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June 2004

THE END OF CHEAP OIL
Wheel Life Begins


To New Yorkers around 1910, it may have seemed as though all the automobiles in the U.S. had converged on Fifth Avenue. The city had its share of the wealthy, and cars were a rich man's toy. Manhattan also boasted something much of the country lacked: well-paved roads. Those roads were about to get busier.

In 1913 Henry Ford's new factory assembly line made mass production of cars possible. By 1920 about half the 9.2 million vehicles in the United States were Ford Model T's. As supply grew, prices dropped, and automakers offered installment plans to make purchasing cars easier.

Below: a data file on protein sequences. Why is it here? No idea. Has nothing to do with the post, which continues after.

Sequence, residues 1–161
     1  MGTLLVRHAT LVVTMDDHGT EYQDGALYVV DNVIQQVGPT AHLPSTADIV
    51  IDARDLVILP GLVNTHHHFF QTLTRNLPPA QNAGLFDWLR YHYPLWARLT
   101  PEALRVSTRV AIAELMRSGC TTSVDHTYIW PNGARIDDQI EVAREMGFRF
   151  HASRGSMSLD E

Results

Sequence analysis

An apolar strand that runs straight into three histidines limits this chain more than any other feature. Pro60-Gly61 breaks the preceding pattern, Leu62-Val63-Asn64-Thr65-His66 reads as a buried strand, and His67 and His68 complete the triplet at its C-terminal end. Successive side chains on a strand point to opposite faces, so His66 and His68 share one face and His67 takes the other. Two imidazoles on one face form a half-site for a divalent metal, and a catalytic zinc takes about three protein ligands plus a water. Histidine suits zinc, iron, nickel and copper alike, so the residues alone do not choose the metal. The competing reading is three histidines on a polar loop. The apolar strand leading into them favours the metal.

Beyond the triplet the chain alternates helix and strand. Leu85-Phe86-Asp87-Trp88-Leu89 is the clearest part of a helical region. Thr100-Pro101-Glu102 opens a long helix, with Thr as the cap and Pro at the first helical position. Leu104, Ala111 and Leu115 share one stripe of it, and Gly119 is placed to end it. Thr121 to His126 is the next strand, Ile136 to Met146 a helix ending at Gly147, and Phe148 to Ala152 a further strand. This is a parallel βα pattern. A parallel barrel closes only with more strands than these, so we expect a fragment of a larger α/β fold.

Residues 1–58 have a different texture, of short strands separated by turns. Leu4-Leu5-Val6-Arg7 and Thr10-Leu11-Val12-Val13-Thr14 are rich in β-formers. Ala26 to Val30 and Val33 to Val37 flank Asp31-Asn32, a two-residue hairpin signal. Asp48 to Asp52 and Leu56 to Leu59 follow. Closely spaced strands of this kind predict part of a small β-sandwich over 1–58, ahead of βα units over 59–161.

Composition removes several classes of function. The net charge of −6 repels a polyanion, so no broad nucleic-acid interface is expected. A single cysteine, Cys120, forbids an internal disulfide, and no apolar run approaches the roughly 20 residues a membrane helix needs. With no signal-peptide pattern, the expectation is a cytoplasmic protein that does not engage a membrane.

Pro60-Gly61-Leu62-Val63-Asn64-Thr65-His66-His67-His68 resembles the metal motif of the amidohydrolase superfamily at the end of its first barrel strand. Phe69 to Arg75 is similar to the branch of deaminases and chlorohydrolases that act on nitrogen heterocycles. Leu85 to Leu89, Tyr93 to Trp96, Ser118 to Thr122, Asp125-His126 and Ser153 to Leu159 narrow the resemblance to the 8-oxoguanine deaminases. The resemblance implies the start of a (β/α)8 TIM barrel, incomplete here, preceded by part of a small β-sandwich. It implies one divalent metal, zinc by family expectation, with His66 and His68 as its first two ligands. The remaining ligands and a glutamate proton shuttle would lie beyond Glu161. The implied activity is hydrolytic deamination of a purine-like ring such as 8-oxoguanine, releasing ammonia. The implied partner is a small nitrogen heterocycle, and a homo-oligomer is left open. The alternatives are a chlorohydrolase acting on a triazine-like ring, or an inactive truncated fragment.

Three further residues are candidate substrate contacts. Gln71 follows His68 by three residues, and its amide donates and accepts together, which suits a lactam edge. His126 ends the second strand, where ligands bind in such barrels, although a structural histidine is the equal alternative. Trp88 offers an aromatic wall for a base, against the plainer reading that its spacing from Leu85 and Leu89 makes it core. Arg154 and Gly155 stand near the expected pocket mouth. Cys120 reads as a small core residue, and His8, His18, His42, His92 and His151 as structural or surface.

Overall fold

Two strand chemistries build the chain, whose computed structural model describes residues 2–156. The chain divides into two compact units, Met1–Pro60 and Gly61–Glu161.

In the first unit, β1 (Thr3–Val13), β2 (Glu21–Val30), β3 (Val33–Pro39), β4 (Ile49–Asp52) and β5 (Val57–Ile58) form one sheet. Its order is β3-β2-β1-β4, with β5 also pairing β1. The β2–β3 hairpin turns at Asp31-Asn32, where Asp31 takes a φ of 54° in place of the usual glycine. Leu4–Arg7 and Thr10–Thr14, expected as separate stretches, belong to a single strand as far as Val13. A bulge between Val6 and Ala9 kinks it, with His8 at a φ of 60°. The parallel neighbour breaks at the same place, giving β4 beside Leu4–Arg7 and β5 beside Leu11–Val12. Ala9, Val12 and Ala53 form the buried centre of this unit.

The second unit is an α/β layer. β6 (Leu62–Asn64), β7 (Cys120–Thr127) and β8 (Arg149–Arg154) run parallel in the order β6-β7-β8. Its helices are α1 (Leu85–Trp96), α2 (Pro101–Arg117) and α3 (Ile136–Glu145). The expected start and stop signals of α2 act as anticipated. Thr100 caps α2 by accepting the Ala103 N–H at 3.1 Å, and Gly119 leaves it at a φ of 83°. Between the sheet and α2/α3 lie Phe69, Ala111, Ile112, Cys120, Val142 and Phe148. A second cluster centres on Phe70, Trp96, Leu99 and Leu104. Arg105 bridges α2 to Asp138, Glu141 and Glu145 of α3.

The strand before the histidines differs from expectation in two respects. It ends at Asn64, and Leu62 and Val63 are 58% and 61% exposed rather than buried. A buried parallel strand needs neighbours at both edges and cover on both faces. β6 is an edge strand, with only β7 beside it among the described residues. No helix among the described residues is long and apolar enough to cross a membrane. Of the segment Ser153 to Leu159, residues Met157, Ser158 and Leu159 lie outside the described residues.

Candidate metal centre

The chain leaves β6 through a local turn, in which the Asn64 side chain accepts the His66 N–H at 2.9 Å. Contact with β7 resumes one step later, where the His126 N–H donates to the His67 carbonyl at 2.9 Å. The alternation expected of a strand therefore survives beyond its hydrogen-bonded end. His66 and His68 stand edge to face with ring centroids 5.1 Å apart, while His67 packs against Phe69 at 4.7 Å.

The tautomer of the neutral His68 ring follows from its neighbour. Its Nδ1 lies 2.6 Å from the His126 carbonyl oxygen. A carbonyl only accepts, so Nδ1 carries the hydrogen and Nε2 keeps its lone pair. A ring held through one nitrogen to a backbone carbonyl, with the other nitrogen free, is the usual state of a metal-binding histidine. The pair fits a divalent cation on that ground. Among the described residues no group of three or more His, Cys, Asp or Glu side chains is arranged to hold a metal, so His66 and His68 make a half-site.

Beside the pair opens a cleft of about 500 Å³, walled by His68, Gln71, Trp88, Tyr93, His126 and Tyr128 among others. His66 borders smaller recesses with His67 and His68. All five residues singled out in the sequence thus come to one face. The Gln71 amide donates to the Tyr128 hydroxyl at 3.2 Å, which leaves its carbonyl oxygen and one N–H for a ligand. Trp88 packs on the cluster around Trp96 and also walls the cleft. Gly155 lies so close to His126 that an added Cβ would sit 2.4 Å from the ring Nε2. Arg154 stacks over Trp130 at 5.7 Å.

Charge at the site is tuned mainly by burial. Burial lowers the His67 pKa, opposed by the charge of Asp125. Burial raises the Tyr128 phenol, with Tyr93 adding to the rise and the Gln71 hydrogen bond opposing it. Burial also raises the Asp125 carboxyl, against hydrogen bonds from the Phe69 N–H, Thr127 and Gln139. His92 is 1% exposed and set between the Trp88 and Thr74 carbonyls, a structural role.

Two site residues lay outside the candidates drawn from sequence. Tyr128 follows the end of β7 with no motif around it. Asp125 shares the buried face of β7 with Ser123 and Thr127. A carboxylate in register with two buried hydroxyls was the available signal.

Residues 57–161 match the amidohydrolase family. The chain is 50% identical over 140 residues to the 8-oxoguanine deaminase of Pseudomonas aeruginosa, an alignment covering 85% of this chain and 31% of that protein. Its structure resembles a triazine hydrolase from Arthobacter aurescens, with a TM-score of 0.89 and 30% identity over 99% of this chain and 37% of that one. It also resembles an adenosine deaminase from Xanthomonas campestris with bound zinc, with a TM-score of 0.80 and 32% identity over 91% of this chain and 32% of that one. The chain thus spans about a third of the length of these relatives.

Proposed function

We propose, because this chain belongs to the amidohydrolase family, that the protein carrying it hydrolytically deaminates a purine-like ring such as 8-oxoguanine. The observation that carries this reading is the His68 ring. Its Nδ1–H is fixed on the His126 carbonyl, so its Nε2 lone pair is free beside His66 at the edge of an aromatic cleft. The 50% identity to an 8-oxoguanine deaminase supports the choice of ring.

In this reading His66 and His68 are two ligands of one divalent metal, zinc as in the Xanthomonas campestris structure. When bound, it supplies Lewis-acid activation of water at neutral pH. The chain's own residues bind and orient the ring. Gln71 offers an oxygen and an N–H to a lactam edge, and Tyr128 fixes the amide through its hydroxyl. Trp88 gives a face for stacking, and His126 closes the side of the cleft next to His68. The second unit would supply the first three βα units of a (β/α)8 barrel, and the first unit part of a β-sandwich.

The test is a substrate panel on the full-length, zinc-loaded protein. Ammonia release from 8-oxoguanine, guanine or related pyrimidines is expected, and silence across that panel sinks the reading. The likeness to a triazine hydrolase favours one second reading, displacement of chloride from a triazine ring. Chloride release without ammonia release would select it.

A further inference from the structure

But in New York, at least, parking them only got more difficult.       

—Margaret G. Zackowitz
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June Flashback

Photograph courtesy General Motors Photographic Section, submitted by Automobile Manufacturers Association


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